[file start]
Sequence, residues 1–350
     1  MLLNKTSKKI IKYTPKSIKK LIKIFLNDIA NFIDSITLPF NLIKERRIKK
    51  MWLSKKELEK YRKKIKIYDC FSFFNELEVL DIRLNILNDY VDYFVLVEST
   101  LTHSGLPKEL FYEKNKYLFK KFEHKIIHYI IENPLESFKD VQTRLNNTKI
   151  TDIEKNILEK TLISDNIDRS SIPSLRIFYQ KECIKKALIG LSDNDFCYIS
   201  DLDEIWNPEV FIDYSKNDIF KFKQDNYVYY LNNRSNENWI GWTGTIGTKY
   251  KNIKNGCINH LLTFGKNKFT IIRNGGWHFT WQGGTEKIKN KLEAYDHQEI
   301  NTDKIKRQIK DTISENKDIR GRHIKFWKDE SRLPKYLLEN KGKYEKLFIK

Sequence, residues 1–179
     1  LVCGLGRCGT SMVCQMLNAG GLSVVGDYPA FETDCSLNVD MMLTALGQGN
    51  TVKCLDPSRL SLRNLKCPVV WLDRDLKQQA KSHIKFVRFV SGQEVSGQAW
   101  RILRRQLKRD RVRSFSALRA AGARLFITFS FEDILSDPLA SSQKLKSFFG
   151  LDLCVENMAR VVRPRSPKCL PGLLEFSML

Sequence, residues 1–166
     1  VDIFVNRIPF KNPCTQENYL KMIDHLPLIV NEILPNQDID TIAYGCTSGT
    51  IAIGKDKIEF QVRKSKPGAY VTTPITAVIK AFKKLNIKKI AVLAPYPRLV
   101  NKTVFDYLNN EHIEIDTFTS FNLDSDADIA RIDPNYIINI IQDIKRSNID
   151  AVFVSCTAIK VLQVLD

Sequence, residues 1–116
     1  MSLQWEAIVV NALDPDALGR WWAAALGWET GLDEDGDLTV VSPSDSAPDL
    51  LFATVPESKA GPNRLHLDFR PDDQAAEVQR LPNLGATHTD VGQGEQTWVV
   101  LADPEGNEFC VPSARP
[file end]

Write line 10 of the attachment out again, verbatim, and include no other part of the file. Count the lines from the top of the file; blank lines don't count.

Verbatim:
     1  LVCGLGRCGT SMVCQMLNAG GLSVVGDYPA FETDCSLNVD MMLTALGQGN